It was a corny, sappy sum of the previous chapters. Worst part of the book.
Chin manages excitable emphasis on material that might otherwise read a little dry.
This book could have been twice its length and I would have been happier, because then it would have adequately covered some of its material.
Learned something new.
Any other Michio Kaku book.
Yes. Quite comparable.
Yes. The importance of technology now and in the future.
If you have listened to his other books he pretty much copied and pasted his life story. It took an hour or two before you actually got to anything new that you have not heard before. It took too long to get to the good topics. However the author is very incite-full.
When Kaku writes about physics, he is a master of making the complicated understandable. When he writes about technology, he presents material well. But when he writes about the social implications of science and technology, he is much less interesting, convincing, and knowledgeable.
Relying as he does on a popular, but inaccurate, understanding of capitalism, Kaku's predictions about the future of political economy is weak. This shortcoming notwithstanding, the book is still pretty interesting,
Fasinating, informative and thought provoking.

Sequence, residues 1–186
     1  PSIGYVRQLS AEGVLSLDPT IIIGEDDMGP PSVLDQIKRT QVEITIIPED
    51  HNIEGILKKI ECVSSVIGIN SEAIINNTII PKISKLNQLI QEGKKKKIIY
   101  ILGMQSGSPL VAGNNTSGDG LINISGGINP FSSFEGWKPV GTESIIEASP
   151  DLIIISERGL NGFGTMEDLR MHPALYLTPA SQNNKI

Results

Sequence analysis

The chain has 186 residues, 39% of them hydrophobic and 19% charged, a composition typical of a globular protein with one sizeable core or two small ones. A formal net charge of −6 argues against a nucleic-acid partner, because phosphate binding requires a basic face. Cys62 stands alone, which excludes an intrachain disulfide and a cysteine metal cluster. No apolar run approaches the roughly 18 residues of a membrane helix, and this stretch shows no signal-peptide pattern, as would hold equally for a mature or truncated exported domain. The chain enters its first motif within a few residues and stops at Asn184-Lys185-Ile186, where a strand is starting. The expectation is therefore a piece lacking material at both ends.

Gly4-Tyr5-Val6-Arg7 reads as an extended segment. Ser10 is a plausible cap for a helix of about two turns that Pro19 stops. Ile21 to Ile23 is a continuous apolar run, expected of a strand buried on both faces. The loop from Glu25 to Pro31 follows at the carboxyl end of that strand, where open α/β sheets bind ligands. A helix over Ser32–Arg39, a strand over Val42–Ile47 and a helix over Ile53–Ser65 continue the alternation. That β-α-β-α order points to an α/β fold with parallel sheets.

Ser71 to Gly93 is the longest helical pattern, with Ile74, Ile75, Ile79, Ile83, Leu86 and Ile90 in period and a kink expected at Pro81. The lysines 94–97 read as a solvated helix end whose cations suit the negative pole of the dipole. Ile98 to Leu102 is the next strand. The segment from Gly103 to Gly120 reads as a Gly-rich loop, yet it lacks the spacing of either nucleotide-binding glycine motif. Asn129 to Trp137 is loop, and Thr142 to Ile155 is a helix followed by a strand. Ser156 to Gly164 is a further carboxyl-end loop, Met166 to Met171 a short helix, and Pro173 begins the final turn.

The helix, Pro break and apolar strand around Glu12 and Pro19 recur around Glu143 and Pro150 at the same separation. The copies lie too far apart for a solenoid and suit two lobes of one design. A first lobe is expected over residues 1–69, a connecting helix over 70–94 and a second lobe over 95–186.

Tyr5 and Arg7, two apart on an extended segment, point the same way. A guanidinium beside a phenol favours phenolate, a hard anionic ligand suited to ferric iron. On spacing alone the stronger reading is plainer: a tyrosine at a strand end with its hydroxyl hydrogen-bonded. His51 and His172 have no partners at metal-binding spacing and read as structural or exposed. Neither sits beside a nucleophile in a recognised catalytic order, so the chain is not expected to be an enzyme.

The research and experiences the author has had to actually witnessing some of the very technologies he predicts will become integrated into our future.
The aspects of technology which scientists can't overcome. This is where the devine is at work.
The author's research, knowledge and experiences are fascinating as he guides you through his predictions and explanations about existing and emerging technologies from robotics, artificial intelligence, self controlled automobiles; genetic sequencing and nanotechnology. I have enjoyed the narrator as I am sure it is the author himself.
Captivating and inspiring. He gives a wonderful vision of tomorrows future and the technologies to come.
I have lost all respect for Michio Kaku as a scientist after reading this book. It is just a rehash of press releases from inventors of new technologies that exist today and makes no real attempt at predictions. He makes no legitimate predictions about the future other than the next step for the existing technologies he describes. He talks about the exponential growth of technology but every page makes it clear that he is thinking completely linearly. This book is about the next 5 years, maybe 10, but not the next 100. The predictions he does make, like the end of Moore's law totally misses that fact that new technologies are already being developed to replace silicon and end Moore's law with a new computing paradigm that will have a similar law for the growth of computing power. Save your money and time and don't listen to a word Michio Kaku says. He has no idea what he is talking about.
This book held promise but ultimately was found to be slow paced, repetitive and a victim of the pace of progress. All topics are oversimplified in order to appeal to a non-scientific community.
I am not a physicisist but I had little problem understanding and following the narrative. Unlike science 'fiction', this offers concrete reasons to be hopeful about our future.